Beyond Borders: A History of Mexican Migration to the United States

Beyond Borders: A History of Mexican Migration to the United States

Beyond Borders: A History of Mexican Migration to the United States

Beyond Borders: A History of Mexican Migration to the United States

Synopsis

Beyond Borders: A History of Mexican Migration to the United States details the origins and evolution of the movement of people from Mexico into the United States from the first significant flow across the border at the turn of the twentieth century up to the present day.
  • Considers the issues from the perspectives of both the United States and Mexico
  • Offers a reasoned assessment of the factors that drive Mexican immigration, explains why so many of the policies enacted in Washington have only worsened the problem, and suggests what policy options might prove more effective
  • Argues that the problem of Mexican immigration can only be solved if Mexico and the United States work together to reduce the disequilibrium that propels Mexican immigrants to the United States

Excerpt

Among the hundreds of thousands of people who cross surreptitiously into the United States each year, Mexicans enjoy the distinction of being the only ones whose nationality is mentioned by name in official documents. All the rest, no matter where in the world they hail from, are lumped into the unglamorous category of “Other Than Mexicans,” or “OTMs” in Border Patrol parlance.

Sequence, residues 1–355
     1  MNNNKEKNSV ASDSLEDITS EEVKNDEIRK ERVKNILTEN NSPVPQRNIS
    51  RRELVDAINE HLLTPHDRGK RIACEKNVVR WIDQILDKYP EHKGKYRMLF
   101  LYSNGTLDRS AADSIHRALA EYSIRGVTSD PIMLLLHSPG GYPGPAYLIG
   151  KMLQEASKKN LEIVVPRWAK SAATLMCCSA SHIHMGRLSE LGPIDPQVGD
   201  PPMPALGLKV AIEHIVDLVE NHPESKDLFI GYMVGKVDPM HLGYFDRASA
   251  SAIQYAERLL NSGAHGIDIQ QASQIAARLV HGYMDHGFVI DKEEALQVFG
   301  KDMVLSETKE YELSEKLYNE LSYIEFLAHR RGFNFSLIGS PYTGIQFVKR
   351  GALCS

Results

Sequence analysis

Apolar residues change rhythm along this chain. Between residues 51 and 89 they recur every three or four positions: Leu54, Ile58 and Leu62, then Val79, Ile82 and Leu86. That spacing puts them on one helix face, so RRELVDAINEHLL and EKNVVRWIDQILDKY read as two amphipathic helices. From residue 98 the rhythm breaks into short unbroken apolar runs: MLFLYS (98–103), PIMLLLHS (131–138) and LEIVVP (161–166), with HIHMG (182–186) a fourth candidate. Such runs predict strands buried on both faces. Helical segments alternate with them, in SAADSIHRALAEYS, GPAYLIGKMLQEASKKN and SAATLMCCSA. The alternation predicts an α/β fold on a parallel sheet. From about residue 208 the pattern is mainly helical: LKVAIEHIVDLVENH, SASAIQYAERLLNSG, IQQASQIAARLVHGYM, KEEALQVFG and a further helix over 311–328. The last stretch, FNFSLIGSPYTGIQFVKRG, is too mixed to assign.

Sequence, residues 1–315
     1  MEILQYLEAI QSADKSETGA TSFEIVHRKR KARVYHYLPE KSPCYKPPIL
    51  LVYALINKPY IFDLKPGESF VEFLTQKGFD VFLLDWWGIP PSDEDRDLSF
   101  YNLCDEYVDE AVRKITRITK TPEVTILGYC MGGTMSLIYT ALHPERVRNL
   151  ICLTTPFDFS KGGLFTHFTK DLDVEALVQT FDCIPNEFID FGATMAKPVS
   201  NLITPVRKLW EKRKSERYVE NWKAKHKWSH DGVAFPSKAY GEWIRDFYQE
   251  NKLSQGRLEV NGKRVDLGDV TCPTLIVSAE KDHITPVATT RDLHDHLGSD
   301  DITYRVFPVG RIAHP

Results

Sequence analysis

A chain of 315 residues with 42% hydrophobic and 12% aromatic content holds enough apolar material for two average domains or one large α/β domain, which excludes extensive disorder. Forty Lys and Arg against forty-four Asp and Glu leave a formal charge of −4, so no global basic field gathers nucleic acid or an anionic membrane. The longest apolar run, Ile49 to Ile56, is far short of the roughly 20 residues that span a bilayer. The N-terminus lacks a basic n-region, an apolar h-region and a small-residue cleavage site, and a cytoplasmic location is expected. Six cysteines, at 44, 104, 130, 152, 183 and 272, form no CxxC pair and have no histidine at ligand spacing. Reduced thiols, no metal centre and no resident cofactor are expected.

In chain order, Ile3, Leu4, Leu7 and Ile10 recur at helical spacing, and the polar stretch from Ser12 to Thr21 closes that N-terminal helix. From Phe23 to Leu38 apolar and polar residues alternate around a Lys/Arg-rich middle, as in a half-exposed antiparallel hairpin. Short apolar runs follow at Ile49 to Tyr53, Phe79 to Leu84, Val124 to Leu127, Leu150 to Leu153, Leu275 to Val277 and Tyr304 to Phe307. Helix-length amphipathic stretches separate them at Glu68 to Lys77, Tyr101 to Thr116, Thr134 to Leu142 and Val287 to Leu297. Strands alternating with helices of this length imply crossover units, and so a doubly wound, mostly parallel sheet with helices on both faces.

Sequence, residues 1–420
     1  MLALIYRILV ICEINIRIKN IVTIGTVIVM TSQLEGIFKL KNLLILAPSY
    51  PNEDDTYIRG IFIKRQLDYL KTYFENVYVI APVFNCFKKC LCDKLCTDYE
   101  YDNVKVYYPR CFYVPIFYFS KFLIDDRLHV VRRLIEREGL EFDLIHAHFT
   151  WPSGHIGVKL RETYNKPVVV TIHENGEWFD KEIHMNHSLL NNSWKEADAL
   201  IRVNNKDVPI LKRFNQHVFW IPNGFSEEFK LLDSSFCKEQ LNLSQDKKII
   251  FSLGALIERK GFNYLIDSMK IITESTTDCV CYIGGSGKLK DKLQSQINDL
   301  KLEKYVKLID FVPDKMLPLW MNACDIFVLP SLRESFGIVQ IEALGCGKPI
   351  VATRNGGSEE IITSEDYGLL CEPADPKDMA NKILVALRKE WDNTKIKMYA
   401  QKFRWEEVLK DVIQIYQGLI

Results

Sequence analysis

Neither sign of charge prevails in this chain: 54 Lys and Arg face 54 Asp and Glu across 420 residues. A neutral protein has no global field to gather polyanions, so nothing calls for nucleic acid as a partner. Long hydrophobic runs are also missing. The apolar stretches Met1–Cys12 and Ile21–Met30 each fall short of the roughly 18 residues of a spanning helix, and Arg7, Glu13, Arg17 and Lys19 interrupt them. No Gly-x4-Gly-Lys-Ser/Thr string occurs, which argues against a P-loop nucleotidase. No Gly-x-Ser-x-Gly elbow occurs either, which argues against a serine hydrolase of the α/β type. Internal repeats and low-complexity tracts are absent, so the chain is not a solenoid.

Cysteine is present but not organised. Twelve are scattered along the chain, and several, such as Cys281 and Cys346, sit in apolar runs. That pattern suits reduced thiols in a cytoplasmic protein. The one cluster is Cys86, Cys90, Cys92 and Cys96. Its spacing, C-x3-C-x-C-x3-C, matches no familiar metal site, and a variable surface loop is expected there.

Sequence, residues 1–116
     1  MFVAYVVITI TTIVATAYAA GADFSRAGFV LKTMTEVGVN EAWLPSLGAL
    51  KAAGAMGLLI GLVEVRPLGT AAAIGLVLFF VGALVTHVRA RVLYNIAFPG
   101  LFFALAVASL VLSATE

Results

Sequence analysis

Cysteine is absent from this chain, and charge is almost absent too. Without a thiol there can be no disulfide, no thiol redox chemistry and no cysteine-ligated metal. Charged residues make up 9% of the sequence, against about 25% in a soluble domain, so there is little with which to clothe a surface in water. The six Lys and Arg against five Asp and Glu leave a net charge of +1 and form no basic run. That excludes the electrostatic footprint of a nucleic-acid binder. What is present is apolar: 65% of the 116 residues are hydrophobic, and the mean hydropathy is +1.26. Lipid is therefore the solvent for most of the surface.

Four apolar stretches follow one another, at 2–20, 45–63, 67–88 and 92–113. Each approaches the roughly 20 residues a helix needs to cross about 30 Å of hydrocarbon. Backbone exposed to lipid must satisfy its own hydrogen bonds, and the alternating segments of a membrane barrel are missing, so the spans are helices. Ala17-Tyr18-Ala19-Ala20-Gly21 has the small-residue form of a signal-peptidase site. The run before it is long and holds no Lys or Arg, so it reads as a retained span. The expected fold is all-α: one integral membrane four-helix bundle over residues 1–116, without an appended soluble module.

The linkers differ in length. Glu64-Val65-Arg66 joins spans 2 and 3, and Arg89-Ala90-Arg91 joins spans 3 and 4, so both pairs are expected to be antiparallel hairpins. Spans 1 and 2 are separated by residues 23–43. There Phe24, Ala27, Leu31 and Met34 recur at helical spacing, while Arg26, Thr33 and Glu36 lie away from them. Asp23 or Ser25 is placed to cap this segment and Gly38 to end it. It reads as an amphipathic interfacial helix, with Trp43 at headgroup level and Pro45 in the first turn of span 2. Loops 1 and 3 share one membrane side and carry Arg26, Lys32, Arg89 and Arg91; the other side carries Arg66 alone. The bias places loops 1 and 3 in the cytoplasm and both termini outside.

The reason is obvious: Mexicans make up about 93 percent of those surreptitious border crossers. Anyone picking up this book is surely well aware that migration from Mexico is, and has long been, a “hot button issue.” Immigration in general has always been irresistible to demagogues, for it involves, or is perceived to involve, vital matters such as race and ethnicity, nationality, national security, language, culture, economics, health, law, and community. Those whose personal or political interests are served by igniting fear and hatred have always found immigrants to be convenient targets. Anti-immigrant activists condemn immigrants as strangers among us, inscrutable “others” invading our safe, comfortable, homogeneous spaces, burdening budgets, spreading crime and disease, refusing to learn “our language” or to practice “our ways.”

Mexicans are merely the latest immigrants to receive such treatment, but they are by no means alone. In a letter dated 1753, no less a

Beyond Borders: A History of Mexican Migration to the United States
By Timothy J. Henderson
© 2011 Timothy J. Henderson

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